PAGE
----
Paul Cézanne - Almond trees in Provence 1900

1900-1902 Forest Scene. Path from Mas Jolie to Chateau noir
Forest Scene. Path from Mas Jolie to Chateau noir
1900-1902 79x64cm oil/canvas
Fondation Beyeler, Switzerland

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From Fondation Beyeler, Switzerland:
Paul Cézanne had a defining influence on the inception of modernism; indeed, his approach to painting revolutionized modern art. By assigning inherent value to a painting’s manner of execution – as distinct from its subject matter – he shifted the focus of art onto the work itself. This was a crucial step in the development of abstract art, which renounces subjects in the traditional sense.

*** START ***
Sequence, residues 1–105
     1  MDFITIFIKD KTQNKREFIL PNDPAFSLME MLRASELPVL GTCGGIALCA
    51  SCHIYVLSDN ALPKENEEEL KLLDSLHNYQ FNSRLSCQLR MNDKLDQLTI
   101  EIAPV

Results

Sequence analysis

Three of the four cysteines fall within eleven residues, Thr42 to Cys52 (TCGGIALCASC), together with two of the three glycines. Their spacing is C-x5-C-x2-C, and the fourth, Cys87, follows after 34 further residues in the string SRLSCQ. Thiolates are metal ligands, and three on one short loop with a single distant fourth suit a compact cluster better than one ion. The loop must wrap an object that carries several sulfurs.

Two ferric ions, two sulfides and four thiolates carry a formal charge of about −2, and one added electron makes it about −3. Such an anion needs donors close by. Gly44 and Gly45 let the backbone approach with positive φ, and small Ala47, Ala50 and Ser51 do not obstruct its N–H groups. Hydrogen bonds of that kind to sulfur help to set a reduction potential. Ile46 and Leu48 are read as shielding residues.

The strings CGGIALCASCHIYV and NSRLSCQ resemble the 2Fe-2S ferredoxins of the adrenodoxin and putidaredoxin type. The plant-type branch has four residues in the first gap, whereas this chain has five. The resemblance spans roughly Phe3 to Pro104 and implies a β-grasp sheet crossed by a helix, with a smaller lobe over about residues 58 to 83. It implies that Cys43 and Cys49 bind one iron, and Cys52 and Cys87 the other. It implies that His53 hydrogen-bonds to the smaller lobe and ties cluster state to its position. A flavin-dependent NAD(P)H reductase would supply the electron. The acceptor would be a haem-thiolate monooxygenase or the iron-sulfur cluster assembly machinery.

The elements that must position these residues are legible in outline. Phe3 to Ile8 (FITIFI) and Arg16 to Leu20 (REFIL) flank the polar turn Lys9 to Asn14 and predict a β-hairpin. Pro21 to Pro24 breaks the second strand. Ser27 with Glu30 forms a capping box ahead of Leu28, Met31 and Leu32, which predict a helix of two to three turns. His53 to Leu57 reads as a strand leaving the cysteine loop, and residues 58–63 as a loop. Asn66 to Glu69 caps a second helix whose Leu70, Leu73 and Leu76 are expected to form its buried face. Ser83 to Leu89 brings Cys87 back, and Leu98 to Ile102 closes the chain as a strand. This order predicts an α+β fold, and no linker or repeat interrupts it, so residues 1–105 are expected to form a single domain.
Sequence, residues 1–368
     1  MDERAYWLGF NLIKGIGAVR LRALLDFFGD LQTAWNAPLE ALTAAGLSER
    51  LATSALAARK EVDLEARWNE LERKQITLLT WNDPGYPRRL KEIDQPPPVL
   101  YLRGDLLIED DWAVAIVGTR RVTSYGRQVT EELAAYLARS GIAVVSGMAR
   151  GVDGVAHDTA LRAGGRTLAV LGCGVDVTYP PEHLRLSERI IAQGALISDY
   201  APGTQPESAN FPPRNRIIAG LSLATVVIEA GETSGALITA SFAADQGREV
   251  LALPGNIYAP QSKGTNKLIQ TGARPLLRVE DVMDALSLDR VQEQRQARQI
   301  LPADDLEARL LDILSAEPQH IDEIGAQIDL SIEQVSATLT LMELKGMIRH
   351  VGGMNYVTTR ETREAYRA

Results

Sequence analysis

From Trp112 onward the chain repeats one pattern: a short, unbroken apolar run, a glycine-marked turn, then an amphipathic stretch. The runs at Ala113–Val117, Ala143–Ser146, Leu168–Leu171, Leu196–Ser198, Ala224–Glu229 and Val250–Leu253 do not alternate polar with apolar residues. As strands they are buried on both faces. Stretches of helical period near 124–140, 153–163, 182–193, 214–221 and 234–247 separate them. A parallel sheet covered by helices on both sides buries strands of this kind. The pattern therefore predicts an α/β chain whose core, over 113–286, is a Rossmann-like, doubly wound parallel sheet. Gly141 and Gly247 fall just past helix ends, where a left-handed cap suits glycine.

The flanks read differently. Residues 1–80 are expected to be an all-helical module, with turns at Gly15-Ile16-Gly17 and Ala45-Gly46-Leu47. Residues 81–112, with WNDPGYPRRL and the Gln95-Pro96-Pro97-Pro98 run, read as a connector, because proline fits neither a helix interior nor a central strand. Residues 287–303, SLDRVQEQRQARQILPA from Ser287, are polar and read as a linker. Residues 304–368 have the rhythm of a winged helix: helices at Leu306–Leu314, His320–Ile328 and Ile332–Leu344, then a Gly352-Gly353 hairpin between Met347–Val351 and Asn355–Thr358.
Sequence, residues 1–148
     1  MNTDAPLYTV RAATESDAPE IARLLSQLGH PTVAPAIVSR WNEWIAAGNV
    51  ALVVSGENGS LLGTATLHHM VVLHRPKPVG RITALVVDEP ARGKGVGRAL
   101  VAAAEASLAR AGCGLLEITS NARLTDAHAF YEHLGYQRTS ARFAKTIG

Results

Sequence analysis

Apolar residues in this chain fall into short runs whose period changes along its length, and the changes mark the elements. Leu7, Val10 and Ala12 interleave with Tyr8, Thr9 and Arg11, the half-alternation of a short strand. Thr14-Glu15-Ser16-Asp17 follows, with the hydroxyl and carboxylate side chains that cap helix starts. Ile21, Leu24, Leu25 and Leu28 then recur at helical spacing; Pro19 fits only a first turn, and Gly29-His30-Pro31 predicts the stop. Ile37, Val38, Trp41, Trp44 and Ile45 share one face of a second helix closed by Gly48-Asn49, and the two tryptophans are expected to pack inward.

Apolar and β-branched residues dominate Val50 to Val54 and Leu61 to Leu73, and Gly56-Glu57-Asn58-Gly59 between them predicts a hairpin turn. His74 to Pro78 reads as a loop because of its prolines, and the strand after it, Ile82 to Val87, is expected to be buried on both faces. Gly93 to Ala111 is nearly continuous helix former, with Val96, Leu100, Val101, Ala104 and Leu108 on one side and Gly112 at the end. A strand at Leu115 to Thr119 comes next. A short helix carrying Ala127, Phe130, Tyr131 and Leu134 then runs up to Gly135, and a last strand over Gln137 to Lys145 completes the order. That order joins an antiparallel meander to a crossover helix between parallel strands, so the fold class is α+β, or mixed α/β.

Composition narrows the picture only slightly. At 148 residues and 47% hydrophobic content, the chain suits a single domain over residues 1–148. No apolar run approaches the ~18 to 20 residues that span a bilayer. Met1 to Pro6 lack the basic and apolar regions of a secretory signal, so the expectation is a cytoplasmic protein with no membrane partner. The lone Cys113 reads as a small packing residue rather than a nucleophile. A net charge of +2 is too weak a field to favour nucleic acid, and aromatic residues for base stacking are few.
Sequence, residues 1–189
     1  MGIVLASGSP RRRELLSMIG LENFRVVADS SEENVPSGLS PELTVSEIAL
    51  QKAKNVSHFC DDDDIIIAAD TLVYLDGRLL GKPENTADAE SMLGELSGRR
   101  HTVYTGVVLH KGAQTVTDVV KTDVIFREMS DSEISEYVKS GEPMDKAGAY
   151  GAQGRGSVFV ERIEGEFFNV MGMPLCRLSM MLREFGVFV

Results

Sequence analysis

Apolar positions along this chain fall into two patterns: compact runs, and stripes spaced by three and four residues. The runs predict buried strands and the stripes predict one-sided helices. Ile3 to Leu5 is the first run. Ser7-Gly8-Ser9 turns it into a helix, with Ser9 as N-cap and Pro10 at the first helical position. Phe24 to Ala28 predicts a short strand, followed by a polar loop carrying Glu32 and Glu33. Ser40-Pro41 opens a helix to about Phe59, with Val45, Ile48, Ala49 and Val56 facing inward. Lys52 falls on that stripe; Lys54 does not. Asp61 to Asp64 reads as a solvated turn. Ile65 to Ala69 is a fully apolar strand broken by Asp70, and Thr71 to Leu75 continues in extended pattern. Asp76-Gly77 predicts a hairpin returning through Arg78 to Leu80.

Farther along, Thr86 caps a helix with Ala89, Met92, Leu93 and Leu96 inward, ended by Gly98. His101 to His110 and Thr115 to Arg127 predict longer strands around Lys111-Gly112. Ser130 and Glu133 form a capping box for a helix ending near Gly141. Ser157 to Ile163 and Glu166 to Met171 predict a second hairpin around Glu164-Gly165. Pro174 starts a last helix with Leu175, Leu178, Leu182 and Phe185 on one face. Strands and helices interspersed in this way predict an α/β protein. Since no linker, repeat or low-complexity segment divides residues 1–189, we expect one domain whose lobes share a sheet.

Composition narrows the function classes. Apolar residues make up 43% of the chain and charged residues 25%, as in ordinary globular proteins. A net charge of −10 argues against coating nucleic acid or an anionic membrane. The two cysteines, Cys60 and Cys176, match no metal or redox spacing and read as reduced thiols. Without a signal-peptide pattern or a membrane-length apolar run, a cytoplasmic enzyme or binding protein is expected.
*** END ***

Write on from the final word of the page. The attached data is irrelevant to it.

The translation of the three-dimensionality of perceived reality into the two-dimensionality of the pictorial surface – a process Cézanne called réalisation – is quite beautifully exemplified by Forest scene (Path from Mas Jolie to Château noir). Working, as ever, in the open air and in front of the subject, he established the picture’s overall structure with a few thin brushstrokes. Horizontal lines indicate the ground, vertical lines the trees. He rendered every sensory impression that struck his eyes – especially the colour hues – with his famous taches, patches of modulated colour consisting of just a few strokes of the brush from which he built the entire picture. Although his system of coloured taches is independent of the subject, the painting still vividly captures the atmosphere of the woods around Montagne Sainte-Victoire near Aix-en-Provence.